Have you noticed a lot of wild birds looking in your window or gathering on the roof of your carport or shed? If so, they're trying to send you a message: "We're hungry!" Birds need to consume extra fat and protein during the cold months in order to produce enough energy to stay warm. Today, I have some suggestions for what to feed your feathered visitors this winter.
- Suet: Suet contains a lot of fat that helps wild birds to stay warm in freezing temperatures. You can purchase a premade suet block or get creative and make your own! Suet doesn't look all that appetizing to us humans, but most birds love it!
- Peanuts: A feeder that includes de-shelled, unsalted nuts provides a large dose of protein and energy to the birds in your area. They are a special favorite with blue jays, woodpeckers, and chickadees.
- Black Oil Sunflower Seed: This type of seed contains a large portion of fat and protein. You can either put a supply of black oil sunflower seed in one feeder or include it in a mixture. This seed is easy to break open, so it appeals to robins, cardinals, finches, and many other types of birds.
- Cracked Corn: You may have to go to a feed store or a store that specializes in wild bird seed to find cracked corn. It attracts ground feeders of all kinds, including doves, sparrows, and jays. Don't be surprised if you see some squirrels trying to get in on the fun right alongside the birds. Hey, they get hungry, too!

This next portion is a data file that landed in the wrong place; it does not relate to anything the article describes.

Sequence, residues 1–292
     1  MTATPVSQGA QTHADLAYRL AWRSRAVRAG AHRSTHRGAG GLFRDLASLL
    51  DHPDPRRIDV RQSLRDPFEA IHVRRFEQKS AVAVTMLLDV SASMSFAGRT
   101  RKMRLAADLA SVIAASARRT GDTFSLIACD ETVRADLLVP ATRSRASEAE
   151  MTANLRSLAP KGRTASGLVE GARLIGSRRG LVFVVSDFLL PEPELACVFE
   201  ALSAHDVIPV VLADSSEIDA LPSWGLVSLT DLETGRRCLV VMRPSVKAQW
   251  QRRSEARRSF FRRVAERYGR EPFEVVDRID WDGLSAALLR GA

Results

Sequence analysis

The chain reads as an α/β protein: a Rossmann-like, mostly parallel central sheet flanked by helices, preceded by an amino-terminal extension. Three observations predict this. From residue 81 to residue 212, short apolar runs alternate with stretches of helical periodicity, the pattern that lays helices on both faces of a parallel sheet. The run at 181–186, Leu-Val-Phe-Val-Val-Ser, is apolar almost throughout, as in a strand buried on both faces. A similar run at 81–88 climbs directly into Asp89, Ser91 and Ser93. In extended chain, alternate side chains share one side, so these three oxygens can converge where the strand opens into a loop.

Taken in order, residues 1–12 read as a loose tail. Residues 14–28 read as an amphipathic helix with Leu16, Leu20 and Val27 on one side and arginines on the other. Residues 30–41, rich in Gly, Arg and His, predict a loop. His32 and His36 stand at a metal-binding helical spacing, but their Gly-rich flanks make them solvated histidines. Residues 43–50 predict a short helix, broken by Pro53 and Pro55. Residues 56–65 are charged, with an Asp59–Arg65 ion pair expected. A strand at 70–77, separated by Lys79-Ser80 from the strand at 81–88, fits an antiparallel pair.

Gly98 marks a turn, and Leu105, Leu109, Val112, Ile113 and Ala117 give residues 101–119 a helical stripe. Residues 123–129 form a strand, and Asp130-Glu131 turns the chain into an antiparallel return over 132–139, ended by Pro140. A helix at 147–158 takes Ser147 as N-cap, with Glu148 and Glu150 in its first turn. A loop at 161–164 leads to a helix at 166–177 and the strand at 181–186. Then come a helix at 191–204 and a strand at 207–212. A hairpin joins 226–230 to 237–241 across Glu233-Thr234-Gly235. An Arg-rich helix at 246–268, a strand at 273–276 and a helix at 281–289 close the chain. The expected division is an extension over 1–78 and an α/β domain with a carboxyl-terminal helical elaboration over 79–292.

- Thistle Seed: Thistle is a tiny type of seed that fits nicely into a sock or mesh feeder. Finches are big fans of thistle seed, and you'll likely see several chowing down at your feeder at one time.
- Safflower: Do you like to see those brilliant red cardinals show up at your place? If so, put some safflower in your feeder. This seed is tempting to cardinals along with house finches, blue jays, grosbeaks, and chickadees.
- White Proso Millet: Look for this seed in a mixture for your winter bird feeder. It has protein, fat, and fiber that can help wild birds this time of year.
- Mealworms: What? Yes, mealworms supply wild birds with fat during the cold weather months. You can buy them at bait shops and put some out in an old glass bowl filled with rolled oats. Chickadees, thrushes, wrens, and bluebirds are all fans of mealworms.
- Dried Fruit: Dried cranberries, blueberries, and apricots are all beneficial additions to a seed mixture. They add a little something different (and tasty) to the typical offering.
- Striped Sunflower Seeds: These seeds are a familiar sight in many seed mixtures available in stores. They provide energy and are appealing to a variety of birds.
As long as you're offering food to your feathered friends, consider giving them a water source as well. A birdbath heater is easy to set up and maintains a warm temperature. With an appealing bird feeder and swirling birdbath, your yard will be the most popular stop in town this winter! Thanks for reading. - Alan